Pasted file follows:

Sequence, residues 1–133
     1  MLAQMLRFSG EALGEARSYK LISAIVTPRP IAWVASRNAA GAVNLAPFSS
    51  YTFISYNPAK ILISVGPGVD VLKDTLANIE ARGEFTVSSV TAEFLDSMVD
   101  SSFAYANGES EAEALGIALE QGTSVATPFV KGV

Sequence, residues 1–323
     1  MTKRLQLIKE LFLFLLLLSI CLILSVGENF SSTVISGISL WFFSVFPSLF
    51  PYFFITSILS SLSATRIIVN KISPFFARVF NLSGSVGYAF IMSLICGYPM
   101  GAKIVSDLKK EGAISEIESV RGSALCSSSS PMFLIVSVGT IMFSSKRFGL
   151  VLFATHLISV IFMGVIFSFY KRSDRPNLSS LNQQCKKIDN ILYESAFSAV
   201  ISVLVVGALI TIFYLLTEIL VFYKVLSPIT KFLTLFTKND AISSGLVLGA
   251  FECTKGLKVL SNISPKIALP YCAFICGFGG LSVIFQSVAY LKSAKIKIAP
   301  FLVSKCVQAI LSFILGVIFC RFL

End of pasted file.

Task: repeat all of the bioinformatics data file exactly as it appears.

Sequence, residues 1–133
     1  MLAQMLRFSG EALGEARSYK LISAIVTPRP IAWVASRNAA GAVNLAPFSS
    51  YTFISYNPAK ILISVGPGVD VLKDTLANIE ARGEFTVSSV TAEFLDSMVD
   101  SSFAYANGES EAEALGIALE QGTSVATPFV KGV

Sequence, residues 1–323
     1  MTKRLQLIKE LFLFLLLLSI CLILSVGENF SSTVISGISL WFFSVFPSLF
    51  PYFFITSILS SLSATRIIVN KISPFFARVF NLSGSVGYAF IMSLICGYPM
   101  GAKIVSDLKK EGAISEIESV RGSALCSSSS PMFLIVSVGT IMFSSKRFGL
   151  VLFATHLISV IFMGVIFSFY KRSDRPNLSS LNQQCKKIDN ILYESAFSAV
   201  ISVLVVGALI TIFYLLTEIL VFYKVLSPIT KFLTLFTKND AISSGLVLGA
   251  FECTKGLKVL SNISPKIALP YCAFICGFGG LSVIFQSVAY LKSAKIKIAP
   301  FLVSKCVQAI LSFILGVIFC RFL